“He was pretty even-keeled until you disagreed with him or made him mad,” said Jeff Hardin, the former mayor of Phenix City, Alabama, just across the state line from Columbus. “Then he became your sworn enemy.”

Hardin said he once partnered with Houser on a real-estate project, but they had a falling out and hadn’t spoken since around 2007.

Houser was evicted from his home in Phenix City last year, then returned to throw paint, pour concrete down the plumbing and tamper with a gas line, Taylor said.

Houser’s wife filed for divorce in March, saying their differences were irreconcilable and his whereabouts were unknown. His mother recently lent him $5,000, but “It just seems like he was kind of drifting along,” Craft said.

Houser’s only known relative in Lafayette, an uncle, died 35 years ago.

After detailing each victim’s wounds, David Callecod, president of Lafayette General Health, pleaded Friday for society to provide as much funding for mental health services as it does for other medical problems.

Pressed to explain why Houser wasn’t arrested before, Sheriff Taylor also blamed cuts in the safety net.

“There’s cuts being made all over,” Taylor said. “What should be scary for the community is that the cuts being made in mental health around the state are allowing these people, who should not be walking around, to be out in the community.”

TIME Crime

Louisiana Shooter Was Disturbed but Politically Ambitious

He ran for office but dropped out after he was caught stealing his opponent's signs

Long before he opened fire in a crowded Louisiana movie theater this week, John “Rusty” Houser had a history of erratic behavior that scared his family—but he also had a strong interest in local politics, running for office in Georgia in the 1990s in an attempt to follow in his father’s footsteps.

People who knew Houser over the past two decades described a man who at times seemed untethered. He was easily excitable and passionate about political issues, and often highly critical of the local government. He also suffered from bipolar disorder and had a dark and unpredictable streak, leading many who knew him to be wary of him.

On Thursday, Houser stood up at a showing of Trainwreck in Lafayette, La. and, giving no explanation, fired 13 shots, killing two people and injuring nine others, before turning the gun on himself. He was living out of a motel for the months leading up to the shooting, and police described him as a lone drifter.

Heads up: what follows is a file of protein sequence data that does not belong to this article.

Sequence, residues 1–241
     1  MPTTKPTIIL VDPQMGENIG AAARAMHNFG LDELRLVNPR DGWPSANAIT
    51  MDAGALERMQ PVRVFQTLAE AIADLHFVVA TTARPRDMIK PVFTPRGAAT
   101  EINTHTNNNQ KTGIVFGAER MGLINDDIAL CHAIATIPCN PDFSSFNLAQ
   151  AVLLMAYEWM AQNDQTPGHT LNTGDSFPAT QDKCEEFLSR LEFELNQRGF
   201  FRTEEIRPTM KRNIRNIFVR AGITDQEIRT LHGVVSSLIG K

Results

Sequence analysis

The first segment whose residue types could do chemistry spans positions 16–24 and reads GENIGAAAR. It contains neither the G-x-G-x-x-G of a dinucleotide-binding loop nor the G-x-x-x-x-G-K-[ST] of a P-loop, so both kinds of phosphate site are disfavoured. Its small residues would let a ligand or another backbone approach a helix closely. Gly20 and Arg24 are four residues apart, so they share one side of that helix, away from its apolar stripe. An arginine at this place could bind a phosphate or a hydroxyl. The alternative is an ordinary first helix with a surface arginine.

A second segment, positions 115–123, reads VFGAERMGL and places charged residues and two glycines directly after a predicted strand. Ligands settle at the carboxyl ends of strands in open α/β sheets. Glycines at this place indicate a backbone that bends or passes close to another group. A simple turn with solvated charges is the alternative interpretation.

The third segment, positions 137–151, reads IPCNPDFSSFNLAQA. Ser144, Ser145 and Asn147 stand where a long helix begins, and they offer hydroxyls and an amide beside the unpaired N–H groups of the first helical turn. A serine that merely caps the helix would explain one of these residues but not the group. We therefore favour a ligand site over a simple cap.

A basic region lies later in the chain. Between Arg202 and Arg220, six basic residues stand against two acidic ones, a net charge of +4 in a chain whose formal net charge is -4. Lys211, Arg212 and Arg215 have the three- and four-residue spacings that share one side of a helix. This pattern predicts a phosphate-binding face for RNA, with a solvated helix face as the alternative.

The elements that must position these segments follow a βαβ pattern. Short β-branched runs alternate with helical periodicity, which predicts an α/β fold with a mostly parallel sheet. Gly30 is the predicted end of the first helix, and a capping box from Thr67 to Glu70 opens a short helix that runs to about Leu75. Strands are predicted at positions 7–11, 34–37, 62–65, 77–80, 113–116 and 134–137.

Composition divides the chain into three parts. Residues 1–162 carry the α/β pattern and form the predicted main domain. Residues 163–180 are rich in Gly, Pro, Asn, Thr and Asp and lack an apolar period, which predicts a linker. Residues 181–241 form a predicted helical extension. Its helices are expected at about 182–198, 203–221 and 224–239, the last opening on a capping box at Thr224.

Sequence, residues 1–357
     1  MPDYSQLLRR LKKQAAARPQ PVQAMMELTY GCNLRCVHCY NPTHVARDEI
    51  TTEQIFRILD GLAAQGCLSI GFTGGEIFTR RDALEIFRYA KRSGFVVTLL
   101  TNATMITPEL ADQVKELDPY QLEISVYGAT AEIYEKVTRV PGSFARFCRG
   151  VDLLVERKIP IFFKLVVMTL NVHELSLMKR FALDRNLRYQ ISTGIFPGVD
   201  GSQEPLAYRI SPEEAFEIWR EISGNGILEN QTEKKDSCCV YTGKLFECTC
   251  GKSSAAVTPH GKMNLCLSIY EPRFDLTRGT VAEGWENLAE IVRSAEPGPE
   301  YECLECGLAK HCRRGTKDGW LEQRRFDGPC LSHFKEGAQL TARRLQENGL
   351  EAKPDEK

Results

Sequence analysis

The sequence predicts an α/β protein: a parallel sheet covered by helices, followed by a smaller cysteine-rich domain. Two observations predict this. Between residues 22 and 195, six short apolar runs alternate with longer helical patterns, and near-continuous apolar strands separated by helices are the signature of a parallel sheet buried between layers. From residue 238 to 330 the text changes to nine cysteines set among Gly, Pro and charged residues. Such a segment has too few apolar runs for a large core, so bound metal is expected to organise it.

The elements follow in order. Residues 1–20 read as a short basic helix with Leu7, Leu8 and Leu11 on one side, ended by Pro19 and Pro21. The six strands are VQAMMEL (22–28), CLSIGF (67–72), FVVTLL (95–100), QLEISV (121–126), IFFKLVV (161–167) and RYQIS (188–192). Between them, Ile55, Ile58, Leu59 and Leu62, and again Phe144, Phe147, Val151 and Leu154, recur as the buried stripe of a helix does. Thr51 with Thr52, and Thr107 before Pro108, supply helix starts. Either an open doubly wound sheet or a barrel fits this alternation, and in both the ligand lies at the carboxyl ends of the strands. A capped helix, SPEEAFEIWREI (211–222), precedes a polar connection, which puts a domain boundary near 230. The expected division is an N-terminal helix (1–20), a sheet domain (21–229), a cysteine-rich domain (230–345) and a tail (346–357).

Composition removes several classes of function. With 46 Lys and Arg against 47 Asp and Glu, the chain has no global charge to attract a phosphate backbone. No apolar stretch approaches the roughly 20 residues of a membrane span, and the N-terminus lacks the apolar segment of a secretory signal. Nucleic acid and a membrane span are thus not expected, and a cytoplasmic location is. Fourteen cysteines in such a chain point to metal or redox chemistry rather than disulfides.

According to court documents, in 2008 his family got a protective order against him, citing mental illness and “various acts of family violence” (a domestic abuse complaint was filed in 2005). His wife, schoolteacher Kellie Houser, was so worried that she removed all the guns from their home and had him temporarily committed to a mental hospital. They later divorced, and he’s been estranged from his family since.

But things weren’t always this way. In the 1990s, Houser was an aspiring city politician in Columbus, Ga., hoping to follow in his father Rembert Houser’s footsteps. He was a fixture at community meetings in Columbus, now a town of about 200,000, and quick to weigh in on whatever topics were on the agenda.

“He did interviews, he ran for office, his dad was an elected official,” local Superior Court Judge Bobby Peters, who was then mayor of Columbus, told TIME. “I think he looked at himself as kind of a citizen’s watchdog, where he kind of kept an eye on government to make sure everything was done correctly.”

Peters added, “He didn’t trust government—he was always questioning everything we do.”

Houser dabbled in real estate development and owned two short-lived local bars, according to a now-deleted LinkedIn page with his name and photo. In 1996, he ran as a Republican for tax commissioner, mostly on the legacy of his father, who had previously held the office, as first reported by the Ledger-Enquirer. “He ran on his father’s name,” said Lula Huff, who won that election and is still serving as Columbus tax commissioner. “It didn’t matter what subject matter he discussed, it would always come back to ‘I’m the son of Rembert Houser.'”